You do stay in his thoughts in the second paragraph. But you do something distracting. Kincaid thinks how green, we see green in our minds. Then he thinks about forgetting the green. Then you step out of his mind and describe the greenish light, the restful glow and the strain reducing sight. We should have the "tall stout green hardwoods" right before this. It's all very poetic but it's not poetic on the page or even lyric. It's trying hard to be very good.

If "Arms" are welcoming, beckoning, "reaching along the road to pull them in," and not threatening or hostile, they do not just "reach"

Joanna said...

I liked this overall, but I was a bit disoriented by the contrast between the somewhat menacing feel of the first paragraph and the rich, peaceful feel of the second. I'm guessing that the menace is not intended, but the army analogy definitely brought that up for me.
I especially liked the root-cellar comparison.

Sarah from Hawthorne said...

The first paragraph could stand a little trimming but I love the second paragraph. It really makes me feel like I'm there.

Wes said...

Obviously, this didn't fly. Thanks to all for the critique to make me see the light. My critique group told me it didn't work, but I didn't believe them. Now I do.

Thanks for helping me avoid sending it to an agent or editor.

_*Rachel*_ said...

The thing I noticed was that the metaphors were mixing like the trees and the grass. I'd rather have gobbling OR armies. Creeping might work, since they're plants.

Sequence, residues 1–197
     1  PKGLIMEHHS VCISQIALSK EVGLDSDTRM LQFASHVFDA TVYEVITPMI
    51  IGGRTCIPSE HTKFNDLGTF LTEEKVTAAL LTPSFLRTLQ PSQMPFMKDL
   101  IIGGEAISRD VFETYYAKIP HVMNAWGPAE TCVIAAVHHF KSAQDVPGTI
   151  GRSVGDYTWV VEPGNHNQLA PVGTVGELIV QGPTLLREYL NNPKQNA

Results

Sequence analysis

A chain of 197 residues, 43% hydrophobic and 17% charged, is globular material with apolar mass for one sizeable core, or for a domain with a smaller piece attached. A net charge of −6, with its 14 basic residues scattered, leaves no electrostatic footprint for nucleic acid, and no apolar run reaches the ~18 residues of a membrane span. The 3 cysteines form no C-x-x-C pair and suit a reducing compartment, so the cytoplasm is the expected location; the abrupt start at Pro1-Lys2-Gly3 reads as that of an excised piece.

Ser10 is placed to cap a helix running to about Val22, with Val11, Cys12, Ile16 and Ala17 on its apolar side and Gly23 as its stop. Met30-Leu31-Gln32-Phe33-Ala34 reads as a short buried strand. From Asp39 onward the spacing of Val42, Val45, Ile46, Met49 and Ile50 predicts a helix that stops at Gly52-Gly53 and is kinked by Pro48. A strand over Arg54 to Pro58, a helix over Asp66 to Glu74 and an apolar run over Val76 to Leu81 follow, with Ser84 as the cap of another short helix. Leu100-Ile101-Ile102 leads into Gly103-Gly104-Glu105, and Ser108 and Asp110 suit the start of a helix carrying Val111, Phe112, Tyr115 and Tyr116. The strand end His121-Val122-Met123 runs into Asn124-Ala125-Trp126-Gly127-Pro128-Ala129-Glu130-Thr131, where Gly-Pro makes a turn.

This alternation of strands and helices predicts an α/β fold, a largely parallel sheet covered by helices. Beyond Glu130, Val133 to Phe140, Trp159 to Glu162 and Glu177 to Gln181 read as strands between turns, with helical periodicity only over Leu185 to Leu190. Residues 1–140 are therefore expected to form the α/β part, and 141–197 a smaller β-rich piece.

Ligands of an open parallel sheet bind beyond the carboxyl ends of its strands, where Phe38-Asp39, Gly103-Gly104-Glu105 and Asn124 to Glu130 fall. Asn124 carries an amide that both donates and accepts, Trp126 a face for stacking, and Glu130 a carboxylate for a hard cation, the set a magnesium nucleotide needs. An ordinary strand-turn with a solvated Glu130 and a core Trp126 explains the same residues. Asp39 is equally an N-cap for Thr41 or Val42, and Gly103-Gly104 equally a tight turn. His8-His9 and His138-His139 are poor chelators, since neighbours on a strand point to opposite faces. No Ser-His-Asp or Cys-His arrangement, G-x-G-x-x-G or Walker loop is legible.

Name: The Editor said...

I would have rejected this after reading the first sentence.

"Queer how the forests gobbled up the prairie, Kincaid thought."

Speaker attributions used in interior monologue drive me batty. This is from Kincaid's POV. We know this is Kincaid's thought.

Other examples of the author intruding would be Kincaid heard, Kincaid saw, etc.

If you want your interior monologue to be unobtrusive to the point of transparency, get rid of these!

It's okay to do this once in a while (and many successful authors do). But please, please don't do it in your first sentence.

theeditorrant.blogspot.com

BuffySquirrel said...

Ah, editors and their little foibles :D. We should make a list. My little quirk would be a loathing of homophone errors. Do not reign in your horse. Please! Or say something is against your principals.

*shudders*

Dickens is the master of this kind of metaphorical writing, but even he overdoes it at times. I like the idea of it, but it needs tweaking, imo, so it's more subtle.

Anonymous said...

You mean it's not a talking-walking-carnivorous tree story???

Phoenix said...

To the POV issue, I would think the attribution belongs precisely in the first sentence. Especially since it's a chapter opening. More especially if the story switches POVs. While this opening is in Kincaid's POV, it doesn't necessarily follow that the rest of the ms is. It kind of horrifies me that an editor would reject that quickly without knowing if it were indeed a necessary reader cue.

As for the extended metaphor -- what EE and the others have said.

The Editor said...